China artificial moon is about two feet in diameter (60 centimeters) and the artificial surface has been made with rocks and dust.
China’s space programme has been growing by leaps and bounds, with 2021 as one of the most successful years for Beijing in the 21st Century. The country has now built an artificial moon facility that will simulate lunar conditions and the environment for scientists to test new tech and future missions.
Being called the “first of its kind in the world”, the facility located in the eastern city of Xuzhou, in Jiangsu province, will make gravity “disappear”. The facility can replicate low gravity environments for as long as one wants, making China less dependent on zero-gravity planes to train astronauts, and environments to test new rovers and technologies.
Li Ruilin, from the China University of Mining and Technology, who is leading the development, told the South China Morning Post, “While low gravity can be achieved in an aircraft or a drop tower, it is momentary. Li said in the simulator that effect can “last as long as you want.”
The mini-moon is about two feet in diameter and the artificial surface has been made with rocks and dust that are as light as those on the moon. It is worth mentioning that gravity on the Moon is not zero, it is one-sixth as powerful as the gravity on Earth due to the magnetic field.
The idea to develop the facility has its roots in the Russian-born physicist Andre Geim’s experiments to levitate a frog with a magnet. The physicists later won a Nobel for this groundbreaking experiment. “Magnetic levitation is certainly not the same as antigravity, but there is a variety of situations where mimicking microgravity by magnetic fields could be invaluable to expect the unexpected in space research,” the physicists told SCMP.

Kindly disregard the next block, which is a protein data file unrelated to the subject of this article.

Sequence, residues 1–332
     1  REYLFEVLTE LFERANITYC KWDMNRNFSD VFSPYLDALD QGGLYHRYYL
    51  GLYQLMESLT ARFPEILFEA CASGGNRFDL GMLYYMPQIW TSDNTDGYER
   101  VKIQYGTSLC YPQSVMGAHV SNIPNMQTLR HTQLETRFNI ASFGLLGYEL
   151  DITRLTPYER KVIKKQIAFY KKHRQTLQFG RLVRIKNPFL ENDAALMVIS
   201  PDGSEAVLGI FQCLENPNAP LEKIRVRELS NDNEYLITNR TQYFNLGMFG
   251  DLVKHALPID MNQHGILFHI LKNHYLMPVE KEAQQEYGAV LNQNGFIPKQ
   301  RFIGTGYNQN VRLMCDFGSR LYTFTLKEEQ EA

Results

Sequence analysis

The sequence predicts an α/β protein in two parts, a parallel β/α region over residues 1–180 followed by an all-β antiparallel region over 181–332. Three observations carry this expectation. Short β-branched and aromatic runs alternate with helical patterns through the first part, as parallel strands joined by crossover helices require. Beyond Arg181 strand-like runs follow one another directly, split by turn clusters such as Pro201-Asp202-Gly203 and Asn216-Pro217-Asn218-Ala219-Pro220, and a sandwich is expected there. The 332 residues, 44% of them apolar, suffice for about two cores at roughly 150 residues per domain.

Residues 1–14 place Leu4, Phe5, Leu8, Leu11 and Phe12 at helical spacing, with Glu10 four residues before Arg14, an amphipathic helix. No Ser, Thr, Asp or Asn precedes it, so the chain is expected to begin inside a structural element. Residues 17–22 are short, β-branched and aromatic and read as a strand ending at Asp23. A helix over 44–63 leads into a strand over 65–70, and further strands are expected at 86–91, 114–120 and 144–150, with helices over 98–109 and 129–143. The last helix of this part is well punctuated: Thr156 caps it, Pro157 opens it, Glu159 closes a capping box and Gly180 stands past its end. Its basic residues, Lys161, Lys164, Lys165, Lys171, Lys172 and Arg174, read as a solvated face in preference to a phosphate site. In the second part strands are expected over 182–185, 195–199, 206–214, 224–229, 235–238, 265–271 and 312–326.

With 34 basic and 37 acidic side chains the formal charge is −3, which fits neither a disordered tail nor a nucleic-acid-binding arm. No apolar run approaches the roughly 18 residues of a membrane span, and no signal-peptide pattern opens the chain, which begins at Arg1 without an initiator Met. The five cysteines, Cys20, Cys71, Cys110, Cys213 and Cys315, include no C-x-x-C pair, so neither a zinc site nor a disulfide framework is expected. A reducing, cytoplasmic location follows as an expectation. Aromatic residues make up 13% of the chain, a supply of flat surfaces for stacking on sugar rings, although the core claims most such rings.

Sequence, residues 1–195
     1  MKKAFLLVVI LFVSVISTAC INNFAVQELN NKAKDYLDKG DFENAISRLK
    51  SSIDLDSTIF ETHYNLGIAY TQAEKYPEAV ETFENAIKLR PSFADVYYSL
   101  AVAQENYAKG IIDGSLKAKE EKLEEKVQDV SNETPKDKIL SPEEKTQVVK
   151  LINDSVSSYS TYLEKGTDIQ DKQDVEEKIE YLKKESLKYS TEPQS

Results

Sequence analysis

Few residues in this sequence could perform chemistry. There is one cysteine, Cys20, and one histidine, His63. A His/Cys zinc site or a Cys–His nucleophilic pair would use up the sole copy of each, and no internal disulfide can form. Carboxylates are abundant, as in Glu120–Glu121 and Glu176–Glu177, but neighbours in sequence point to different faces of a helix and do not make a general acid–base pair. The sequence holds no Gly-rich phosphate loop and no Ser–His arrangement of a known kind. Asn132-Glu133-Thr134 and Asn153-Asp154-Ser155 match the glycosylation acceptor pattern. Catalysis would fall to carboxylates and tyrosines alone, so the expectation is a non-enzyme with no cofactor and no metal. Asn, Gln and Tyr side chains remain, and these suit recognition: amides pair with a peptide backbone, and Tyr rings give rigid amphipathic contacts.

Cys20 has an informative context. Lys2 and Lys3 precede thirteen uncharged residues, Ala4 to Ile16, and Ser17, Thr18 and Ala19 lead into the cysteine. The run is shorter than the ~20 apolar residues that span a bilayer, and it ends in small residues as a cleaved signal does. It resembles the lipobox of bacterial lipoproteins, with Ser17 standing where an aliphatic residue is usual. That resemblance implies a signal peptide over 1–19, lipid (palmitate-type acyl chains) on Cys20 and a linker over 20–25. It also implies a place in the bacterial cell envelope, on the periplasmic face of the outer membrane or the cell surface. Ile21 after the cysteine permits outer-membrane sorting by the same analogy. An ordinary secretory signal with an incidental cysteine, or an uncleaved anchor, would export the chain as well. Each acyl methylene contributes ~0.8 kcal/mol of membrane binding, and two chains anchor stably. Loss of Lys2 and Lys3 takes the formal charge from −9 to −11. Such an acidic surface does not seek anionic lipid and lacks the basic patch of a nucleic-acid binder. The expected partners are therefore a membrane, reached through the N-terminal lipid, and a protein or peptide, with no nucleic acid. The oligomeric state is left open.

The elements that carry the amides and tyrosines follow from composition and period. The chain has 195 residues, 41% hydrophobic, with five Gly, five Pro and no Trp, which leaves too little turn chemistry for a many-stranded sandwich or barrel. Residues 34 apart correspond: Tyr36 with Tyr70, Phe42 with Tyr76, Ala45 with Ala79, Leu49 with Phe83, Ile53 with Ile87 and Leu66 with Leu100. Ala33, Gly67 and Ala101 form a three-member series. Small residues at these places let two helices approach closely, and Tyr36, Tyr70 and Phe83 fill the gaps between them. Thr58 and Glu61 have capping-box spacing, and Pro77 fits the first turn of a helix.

With China already clearing the fourth phase of its lunar exploration program that will see the construction of a research station on the Moon and lunar exploration through future Chang’e-6, Chang’e-7 and Chang’e-8 missions, the new facility will play a crucial part.
The Chang’e-7 spacecraft will be launched to the moon’s South Pole, followed by Changé-6, which will return the samples from the surface. Beijing already has plans to land astronauts on the lunar surface by 2030 as it continues the construction of its space station in Low Earth Orbit.
Li further told SCMP that the moon simulator could also be used to test whether new technology such as 3D printing could be used to build structures on the lunar surface. “Some experiments conducted in the simulated environment can also give us some important clues, such as where to look for water trapped under the surface,” he added.
China has already developed an “artificial sun” to replicate the nuclear fusion process that occurs naturally in the sun and stars to provide almost infinite clean energy.